Can I install Canon 1.2 lens on Canon eos 30d instead 5d and expect the same results?

In short, is it advisable to buy expensive lens and put it on medium range camera or both should be of equal stand to arrive at the best results?

Please answer both. Thank you.


1 Answer 1


For your first question: No.

I would reccomend reading this article for information on basic lenses and professional ones.

Because of the difference in sensor size, when you’re using a camera with a smaller sensor than a full-frame one, a given lens’s field of view will be narrower, referred to as the “crop factor.” In camera reviews and manuals, you’ll often see this crop factor given as a multiplier based on the industry standard of a 35 mm, full-frame sensor. The crop factor for Canon APS-C sensors is 1.6—that is, a 50 mm lens on a crop-sensor camera will give you the same field of view as an 80 mm lens will on a full-frame sensor. Other sensor formats have different crop factors; Micro Four Thirds, for example, is 2x. For easy reference, manufacturers give their crop and full-frame lens lines different names: For instance, Canon’s crop-sensor-specific lenses are in the EF-S series, while EF lenses are compatible with all Canon cameras.

TLDR; A lens on a Canon 30d will be 1.6 times more zoomed in then it would be on a 5d.

As to your second question, I would say yes. Despite what many people say, the camera doesn't actually make a big effect on the quality of the image. The lens plays a much more important role in the sharpness and color of the image. The only major problem I can see is that the 30d is quite old, and only has a resolution of 8 megapixels, which is pretty low in today's standards.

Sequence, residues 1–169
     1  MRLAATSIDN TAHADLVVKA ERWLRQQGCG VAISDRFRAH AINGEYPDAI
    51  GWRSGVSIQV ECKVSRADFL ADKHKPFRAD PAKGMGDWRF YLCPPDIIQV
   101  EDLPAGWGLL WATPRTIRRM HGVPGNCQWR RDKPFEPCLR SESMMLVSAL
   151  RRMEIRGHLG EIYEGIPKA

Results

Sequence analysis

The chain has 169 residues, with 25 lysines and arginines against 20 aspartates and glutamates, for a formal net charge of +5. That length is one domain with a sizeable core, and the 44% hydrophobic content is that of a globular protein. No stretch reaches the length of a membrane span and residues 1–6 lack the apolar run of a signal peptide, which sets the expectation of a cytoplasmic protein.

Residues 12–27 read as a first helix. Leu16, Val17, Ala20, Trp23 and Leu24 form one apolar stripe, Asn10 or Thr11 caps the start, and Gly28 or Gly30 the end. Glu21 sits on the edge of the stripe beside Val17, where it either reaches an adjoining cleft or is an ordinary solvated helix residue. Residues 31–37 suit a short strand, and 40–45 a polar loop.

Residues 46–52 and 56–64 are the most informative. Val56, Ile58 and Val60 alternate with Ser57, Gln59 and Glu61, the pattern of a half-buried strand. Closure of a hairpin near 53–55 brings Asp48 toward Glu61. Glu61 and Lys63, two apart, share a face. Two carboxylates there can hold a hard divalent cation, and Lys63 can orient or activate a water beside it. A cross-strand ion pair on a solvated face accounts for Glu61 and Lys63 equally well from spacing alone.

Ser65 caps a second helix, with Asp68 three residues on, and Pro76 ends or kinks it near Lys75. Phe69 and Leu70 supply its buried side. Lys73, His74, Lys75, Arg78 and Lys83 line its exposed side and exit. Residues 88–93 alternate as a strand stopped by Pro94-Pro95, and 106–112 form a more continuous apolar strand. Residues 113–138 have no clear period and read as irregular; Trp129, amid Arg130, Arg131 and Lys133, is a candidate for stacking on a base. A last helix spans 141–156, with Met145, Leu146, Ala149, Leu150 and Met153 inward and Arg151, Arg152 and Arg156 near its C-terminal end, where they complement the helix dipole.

• \$\begingroup\$ As long as one takes the angle of view into account this is not a reason to not use a higher end lens on a lower tier camera. If I want the angle of view given by a 135mm lens on a FF camera I can use an 85mm lens on an APS-C camera and get the same field of view. \$\endgroup\$
    – Michael C
    Aug 21, 2016 at 23:56
  • \$\begingroup\$ The first no at the beginning is meant to answer the first question. I realize now that it makes no sense and will change it. Thank you! \$\endgroup\$
    – Da Monster
    Aug 21, 2016 at 23:58

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